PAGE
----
An international agreement in Copenhagen is undoubtedly crucial; but it is not pivotal
The Copenhagen Summit typifies the paradox of the globalised age in which we now live.
One the one hand, it is a crucial global event; the very fact that the summit is taking place, with the successive rounds of negotiation that buttress it, has further served to illuminate the political, economic, and moral, let alone climactic, imperative of radical emissions reductions shared across the world. The looming spectre of the summit and the onus placed on it by many in the climate change debate have served to foster and build consensus among the often disparate and divergent members of the international community, driving states and civic opinion together to support ambitious reduction targets.
And, yet, on the other hand, the summit is somewhat circumscribed. In recent days, one of the world’s most pre-eminent climate scientists, James Hansen, has argued that any of the likely agreements that emerge from the negotiations in Denmark would be so deeply flawed that it would be better to start again from scratch. “I would rather it not happen if people accept that as being the right track because it's a disaster track,” he says.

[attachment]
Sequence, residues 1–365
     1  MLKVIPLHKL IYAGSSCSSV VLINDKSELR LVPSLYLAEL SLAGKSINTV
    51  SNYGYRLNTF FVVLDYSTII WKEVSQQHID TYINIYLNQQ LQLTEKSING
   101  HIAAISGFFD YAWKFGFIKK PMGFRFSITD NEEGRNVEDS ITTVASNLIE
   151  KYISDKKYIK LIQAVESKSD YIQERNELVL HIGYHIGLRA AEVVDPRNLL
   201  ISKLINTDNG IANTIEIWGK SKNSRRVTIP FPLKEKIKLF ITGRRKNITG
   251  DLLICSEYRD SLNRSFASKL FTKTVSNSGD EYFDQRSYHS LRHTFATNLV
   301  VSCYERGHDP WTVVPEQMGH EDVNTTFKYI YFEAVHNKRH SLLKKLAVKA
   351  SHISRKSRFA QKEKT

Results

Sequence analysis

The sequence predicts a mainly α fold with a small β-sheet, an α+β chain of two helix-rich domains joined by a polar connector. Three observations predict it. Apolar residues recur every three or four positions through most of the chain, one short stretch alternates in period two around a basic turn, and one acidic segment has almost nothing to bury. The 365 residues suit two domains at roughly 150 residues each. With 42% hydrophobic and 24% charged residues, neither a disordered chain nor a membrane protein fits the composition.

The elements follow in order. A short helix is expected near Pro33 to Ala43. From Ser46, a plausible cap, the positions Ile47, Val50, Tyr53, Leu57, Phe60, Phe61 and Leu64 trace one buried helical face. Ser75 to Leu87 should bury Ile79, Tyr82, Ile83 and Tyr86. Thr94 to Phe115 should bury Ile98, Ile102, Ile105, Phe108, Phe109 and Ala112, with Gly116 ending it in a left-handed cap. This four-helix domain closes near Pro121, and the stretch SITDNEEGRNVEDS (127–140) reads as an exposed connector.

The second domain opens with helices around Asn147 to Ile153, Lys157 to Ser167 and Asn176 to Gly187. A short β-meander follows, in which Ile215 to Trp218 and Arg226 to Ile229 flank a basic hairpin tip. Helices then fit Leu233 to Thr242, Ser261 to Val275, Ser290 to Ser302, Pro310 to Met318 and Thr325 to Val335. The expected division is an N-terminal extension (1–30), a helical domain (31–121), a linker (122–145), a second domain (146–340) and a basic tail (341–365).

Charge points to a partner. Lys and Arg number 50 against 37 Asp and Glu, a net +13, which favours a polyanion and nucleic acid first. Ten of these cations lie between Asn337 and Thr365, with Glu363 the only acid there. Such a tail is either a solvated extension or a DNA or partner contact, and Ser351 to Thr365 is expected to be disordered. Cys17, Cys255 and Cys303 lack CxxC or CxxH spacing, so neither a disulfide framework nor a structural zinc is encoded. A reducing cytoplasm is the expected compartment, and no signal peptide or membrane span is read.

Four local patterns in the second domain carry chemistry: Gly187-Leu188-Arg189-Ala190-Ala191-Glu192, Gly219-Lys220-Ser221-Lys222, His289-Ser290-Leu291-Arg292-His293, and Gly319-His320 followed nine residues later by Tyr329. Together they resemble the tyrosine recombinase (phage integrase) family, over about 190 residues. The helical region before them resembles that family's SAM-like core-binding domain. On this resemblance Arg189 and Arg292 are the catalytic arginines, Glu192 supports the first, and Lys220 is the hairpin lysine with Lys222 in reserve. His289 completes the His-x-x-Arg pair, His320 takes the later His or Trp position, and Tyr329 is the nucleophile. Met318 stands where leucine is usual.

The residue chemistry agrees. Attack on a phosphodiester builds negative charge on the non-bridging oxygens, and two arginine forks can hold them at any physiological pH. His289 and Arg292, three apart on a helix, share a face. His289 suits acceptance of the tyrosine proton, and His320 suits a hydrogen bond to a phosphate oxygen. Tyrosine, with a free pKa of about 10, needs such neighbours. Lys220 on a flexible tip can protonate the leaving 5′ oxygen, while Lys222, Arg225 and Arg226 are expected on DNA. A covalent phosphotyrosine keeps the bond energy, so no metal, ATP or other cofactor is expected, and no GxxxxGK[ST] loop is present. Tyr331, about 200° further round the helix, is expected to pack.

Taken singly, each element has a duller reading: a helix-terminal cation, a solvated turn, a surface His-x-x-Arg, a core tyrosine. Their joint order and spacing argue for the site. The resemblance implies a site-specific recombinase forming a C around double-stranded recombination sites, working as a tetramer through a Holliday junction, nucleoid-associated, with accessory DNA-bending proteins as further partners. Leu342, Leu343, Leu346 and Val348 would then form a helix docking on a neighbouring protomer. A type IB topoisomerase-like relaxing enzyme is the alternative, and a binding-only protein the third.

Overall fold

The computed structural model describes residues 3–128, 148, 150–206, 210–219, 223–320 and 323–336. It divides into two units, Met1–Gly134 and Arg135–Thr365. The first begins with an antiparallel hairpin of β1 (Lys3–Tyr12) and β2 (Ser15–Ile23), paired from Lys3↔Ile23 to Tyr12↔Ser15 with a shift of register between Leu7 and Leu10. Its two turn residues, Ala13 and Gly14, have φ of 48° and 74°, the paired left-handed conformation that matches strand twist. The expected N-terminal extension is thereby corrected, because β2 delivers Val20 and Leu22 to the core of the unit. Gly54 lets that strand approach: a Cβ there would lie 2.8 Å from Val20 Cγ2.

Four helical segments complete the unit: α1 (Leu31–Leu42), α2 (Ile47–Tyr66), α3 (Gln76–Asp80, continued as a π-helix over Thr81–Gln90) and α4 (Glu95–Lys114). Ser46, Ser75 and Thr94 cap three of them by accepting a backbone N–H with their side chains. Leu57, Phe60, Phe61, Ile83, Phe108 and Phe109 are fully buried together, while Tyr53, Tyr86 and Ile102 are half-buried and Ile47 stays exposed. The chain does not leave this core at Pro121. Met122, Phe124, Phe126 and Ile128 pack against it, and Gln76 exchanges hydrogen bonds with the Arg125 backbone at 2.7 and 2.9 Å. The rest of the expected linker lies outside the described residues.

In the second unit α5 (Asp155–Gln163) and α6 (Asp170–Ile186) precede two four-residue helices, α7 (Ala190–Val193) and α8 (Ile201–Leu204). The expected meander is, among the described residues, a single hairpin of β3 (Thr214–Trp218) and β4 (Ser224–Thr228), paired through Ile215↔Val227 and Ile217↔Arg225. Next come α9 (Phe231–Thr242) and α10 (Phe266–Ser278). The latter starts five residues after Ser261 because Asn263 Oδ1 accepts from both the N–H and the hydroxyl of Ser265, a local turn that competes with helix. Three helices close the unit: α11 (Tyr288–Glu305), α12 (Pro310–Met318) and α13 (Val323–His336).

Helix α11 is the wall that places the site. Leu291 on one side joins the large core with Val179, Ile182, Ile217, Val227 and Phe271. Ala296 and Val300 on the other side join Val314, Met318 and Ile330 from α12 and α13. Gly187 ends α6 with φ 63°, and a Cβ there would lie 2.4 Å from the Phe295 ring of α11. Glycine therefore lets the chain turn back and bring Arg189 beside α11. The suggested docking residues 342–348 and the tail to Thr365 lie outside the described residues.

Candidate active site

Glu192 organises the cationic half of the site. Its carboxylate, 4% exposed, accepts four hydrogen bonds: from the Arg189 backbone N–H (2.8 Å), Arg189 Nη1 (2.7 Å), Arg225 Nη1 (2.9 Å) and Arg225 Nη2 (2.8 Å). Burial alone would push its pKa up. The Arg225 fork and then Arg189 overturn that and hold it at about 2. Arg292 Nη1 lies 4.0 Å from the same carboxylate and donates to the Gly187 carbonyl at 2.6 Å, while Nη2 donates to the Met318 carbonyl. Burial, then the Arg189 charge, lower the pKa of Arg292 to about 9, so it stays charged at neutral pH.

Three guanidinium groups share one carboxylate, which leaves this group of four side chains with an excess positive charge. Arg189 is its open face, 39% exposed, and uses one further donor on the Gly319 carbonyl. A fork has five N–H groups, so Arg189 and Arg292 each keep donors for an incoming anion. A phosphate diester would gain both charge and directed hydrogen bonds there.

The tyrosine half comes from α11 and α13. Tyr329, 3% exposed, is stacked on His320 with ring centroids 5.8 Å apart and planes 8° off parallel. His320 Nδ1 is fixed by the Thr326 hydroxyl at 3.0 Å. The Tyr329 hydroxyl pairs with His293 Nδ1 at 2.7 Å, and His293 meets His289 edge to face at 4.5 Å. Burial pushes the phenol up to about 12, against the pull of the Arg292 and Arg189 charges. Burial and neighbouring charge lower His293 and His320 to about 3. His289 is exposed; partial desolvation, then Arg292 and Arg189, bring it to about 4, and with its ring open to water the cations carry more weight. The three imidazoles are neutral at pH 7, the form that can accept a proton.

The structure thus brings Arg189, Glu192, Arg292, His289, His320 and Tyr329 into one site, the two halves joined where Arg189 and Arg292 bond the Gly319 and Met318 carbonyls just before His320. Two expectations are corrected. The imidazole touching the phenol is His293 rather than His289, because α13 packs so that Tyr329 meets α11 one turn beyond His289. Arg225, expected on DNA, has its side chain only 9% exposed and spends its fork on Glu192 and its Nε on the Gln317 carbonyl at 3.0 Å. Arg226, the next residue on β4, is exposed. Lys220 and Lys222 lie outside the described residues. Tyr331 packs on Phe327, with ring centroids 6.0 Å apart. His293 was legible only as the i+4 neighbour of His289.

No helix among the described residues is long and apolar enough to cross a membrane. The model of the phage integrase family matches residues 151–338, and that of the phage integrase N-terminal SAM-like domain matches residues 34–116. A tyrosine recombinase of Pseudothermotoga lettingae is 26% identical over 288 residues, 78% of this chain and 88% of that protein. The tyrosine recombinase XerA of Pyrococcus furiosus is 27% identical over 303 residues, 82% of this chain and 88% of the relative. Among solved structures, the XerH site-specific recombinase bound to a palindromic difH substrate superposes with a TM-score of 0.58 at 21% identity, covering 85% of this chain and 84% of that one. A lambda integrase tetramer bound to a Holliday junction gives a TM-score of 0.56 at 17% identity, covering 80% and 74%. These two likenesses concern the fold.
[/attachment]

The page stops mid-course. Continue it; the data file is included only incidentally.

The question of whether and how an international agreement is reached at Copenhagen on a global commitment to carbon reduction is rightly an issue of the first order, not only for the reasons outlined above but for many more besides. There should be a great deal of optimism that a positive agreement will be reached – the international understanding of the necessity of radical emissions reduction has, after all, advanced considerably since the Kyoto summit.